This is the letter from Bill Hastings which prompted me to write the response which we have published as this newsletter's commentary.                                                           PHL
Hi Linda,

I am writing this email at 5 am because I could not sleep well and this subject may be why. Last night I attended a meeting of the Bayonne Historical Society in my hometown Bayonne, New Jersey. The guest speaker's  presentation was on the Secaucus Potter's Field. As you may recall this cemetery made national news a couple of years ago because the New Jersey Turnpike wanted to move the cemetery to make way for the Secaucus Interchange Project. The cemetery was indeed moved, or at least most of the cemetery was. The services for the re interment will be held October 24, 2004 at 2:00pm in Maple Grove Park Cemetery, 535 Hudson Avenue, Hackensack, New Jersey.

There was a handful of residents at the meeting last night. This was my first time at a Bayonne Historical Society meeting and I attended strictly because of the presentation. I of course knew much of the material covered in the presentation because of my involvement with the Hudson County Burial Grounds and my "mission" to bring it more publicly know of what was going on at this site.

There was one statement made  that must have stuck with me and may be the cause of my sleeplessness this time. She stated she was amazed at how many artifacts were found at this cemetery knowing it was a Potter's Field.

She said that many of these people did not seem poor. Some of them were buried with jewelry, money, bottles of perfume and cold cream, make up, hair brushes, pipes, wedding rings, military uniforms and the such. She even noted how surprised she was on the number of dentures that were found.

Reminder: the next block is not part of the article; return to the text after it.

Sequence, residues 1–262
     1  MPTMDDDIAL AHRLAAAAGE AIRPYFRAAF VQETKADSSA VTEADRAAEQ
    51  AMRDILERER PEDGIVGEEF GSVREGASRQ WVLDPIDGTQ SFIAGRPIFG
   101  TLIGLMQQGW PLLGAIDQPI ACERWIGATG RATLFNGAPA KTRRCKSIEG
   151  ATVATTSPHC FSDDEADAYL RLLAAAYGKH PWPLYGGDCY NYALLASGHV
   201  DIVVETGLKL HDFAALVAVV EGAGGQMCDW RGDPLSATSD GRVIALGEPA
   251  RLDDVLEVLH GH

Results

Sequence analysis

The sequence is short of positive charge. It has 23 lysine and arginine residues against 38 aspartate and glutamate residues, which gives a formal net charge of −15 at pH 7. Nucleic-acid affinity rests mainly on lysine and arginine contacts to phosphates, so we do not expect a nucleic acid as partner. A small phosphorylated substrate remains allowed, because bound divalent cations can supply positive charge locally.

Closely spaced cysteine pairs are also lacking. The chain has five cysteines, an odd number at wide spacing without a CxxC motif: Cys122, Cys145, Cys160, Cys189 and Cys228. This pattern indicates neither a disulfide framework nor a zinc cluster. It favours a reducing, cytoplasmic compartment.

Surely a poor person would not be able to afford many of these items. She had thought that they would not find these items being it was a Potter's Field and that mainly poor people were buried in it.

I briefly reviewed your web site in hopes of finding the right definition for "poor". As I recall my through my research of the Hudson County Institutions, poor did not mean 'worthless'. I remember viewing day books for the Almshouse and it listed people who were granted leave for the day of days at a time. I recall that many of the people on the "poor farm" did indeed work about the Almshouse and the Institutional grounds. I believe I also recall that some families lived at the Almshouse for periods at a time.

Some even had jobs town, leaving on a daily basis. But since these people were 'in the care of' the County of Hudson when they died, they were buried by the County of Hudson in the Hudson County Burial Grounds.

The reason why I am writing to you is because of your expertise in poor house history. Maybe you can better put into words why these people were called poor. Why is it that when we hear the word poor we think of these people as being 'worthless' or not having any 'possessions'.

I would like to write to Susan and convey to her an explanation of who these people were and why they did indeed have what they had when they were buried. The presentation made this group of people sound as though they were 'poor' and 'worthless'.

I recall on numerous occasions that the Secaucus town historian did not want this cemetery to be referred to as a Potter's Field because many of these people were not poor. I think he knows the difference between the class of these people buried here and what others think poor people to be.

I believe the New Jersey Turnpike Authority gave the location the name Secaucus Potter's Field. What should these cemeteries be called so people know that those buried there had a life and even though they own very little that they did indeed own.

Best Regards,
Bill T. Hastings

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